About Alexandria with Mark Eaton: Being heard

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About Alexandria with Mark Eaton: Being heard
Mark Eaton (Courtesy photo)
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Voting has begun in the Democratic primary for mayor and City Council that will be held on June 18. Being heard, or the importance of being heard, is a distinct theme in the contests for city offices and in city affairs in general.

A criticism of the all-Democrat City Councils elected in recent years is that fresh and different views are not “being heard” in City Hall. Similarly, the effort to make Council elections like the School Board’s by implementing a ward system is based in part on the argument that the current Council did not “hear” the electorate in November 2023 when Council unanimously approved the Zoning for Housing revisions to the zoning code.

Others have suggested that the city’s elected officials did not “hear” the community’s more recent opposition to the proposed sports and entertainment complex in Potomac Yard. As evidence, anti-arena advocates point to silence about the project before its splashy rollout and that officials did not condemn the proposed project immediately, or at least sooner.

The flip side of “We-are-not-being-heard” is “You-are-not-listening.” Assertions that city officials engage in faux listening and performative community engagement by requiring written questions at City Council town halls and similar events and by declining to engage in back-and-forth discussion from the dais during comment periods in public meetings lead to accusations that officials are not listening.

I first ran for the School Board against three incumbents. In candidate events, I said, “In Alexandria, you can get a School Board member to talk to you. Getting one to listen to you with an open mind is much harder.” Of course, this triggered immediate and indignant responses from the incumbents. According to news accounts, a similar exchange involving a newcomer seeking a City Council seat and incumbents occurred in this year’s campaign.

Hearing, understanding and agreeing are three very different things and it is easy to overlook their differences.

In nine years on the School Board, I found that it was tempting to nod thoughtfully, adopt a pensive expression and say something neutral like “interesting proposal” in response to an idea that was wacky, or worse. I tried to take a more disciplined approach which involved saying something like, “If I understand you correctly, and I think I do, I respectfully disagree for the following reasons …”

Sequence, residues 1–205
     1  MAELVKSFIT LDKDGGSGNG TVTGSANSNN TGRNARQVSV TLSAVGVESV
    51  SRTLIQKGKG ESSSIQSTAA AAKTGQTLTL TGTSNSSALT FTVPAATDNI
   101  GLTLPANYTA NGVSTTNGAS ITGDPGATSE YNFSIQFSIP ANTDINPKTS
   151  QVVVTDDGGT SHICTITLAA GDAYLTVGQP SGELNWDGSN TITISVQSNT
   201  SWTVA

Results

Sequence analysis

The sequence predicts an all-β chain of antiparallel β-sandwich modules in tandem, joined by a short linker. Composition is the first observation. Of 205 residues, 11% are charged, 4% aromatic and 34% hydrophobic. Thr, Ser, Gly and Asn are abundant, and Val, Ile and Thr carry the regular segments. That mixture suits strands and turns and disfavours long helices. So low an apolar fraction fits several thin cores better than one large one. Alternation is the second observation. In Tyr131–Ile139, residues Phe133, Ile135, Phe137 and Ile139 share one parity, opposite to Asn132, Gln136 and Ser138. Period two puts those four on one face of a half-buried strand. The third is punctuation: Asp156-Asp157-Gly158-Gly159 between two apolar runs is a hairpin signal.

Those disappointed in the decisions of elected officials or senior city or ACPS administrators may not be giving them sufficient credit for understanding when they attribute an unfavorable decision to, “They just didn’t hear [me] [us] [the community] [anyone smarter than a brick.]”

It is also possible that the person or persons involved in the decision heard the arguments, understood their complexities and disagreed with the case made by the disappointed advocates. One test of leadership is whether the reasons for the disagreements were arrived at after careful investigation and thought about the pros and cons of the issues, and whether reasons for the decision were expressed completely and courteously.

None of this argues for conflict for conflict’s sake in city affairs. Many people are conflict-averse. Almost everyone wants to be liked and the equivalent of being liked in politics is being elected or reelected.

The “because-the-decision-did-not-go-our-way-we-were-not-heard-by-the-decision-makers” stance does not address the merits of an issue. Rather, it is an argument based on a subjective assessment of the quality of the attention paid by someone else. As such, it is a form of personalization – an approach that inevitably degrades the quality of debate.

Some may point to the name-calling and vitriol in national politics and ask why there should be an expectation that Alexandria’s community discussions should be more elevated. This is a variation on the argument that, in the end, an electorate gets the elected officials it deserves.

Benjamin Franklin is said to have responded to a question about the form of government chosen by delegates to the Constitutional Convention in 1787 with, “A republic, if you can keep it.” Part of “keeping it” is being aware when the debate shifts away from facts and reasoning based on facts into the realm of the personal.

There is another reason to do better in Alexandria than the mess across the river in the United States Capitol: because we can.

The writer is a former lawyer, member of the Alexandria School Board from 1997 to 2006, and English teacher from 2007 to 2021 at T.C. Williams High School, now Alexandria City High School. He can be reached at aboutalexandria@ gmail.com and subscriptions to his newsletter are available free at aboutalexandria.substack.com.

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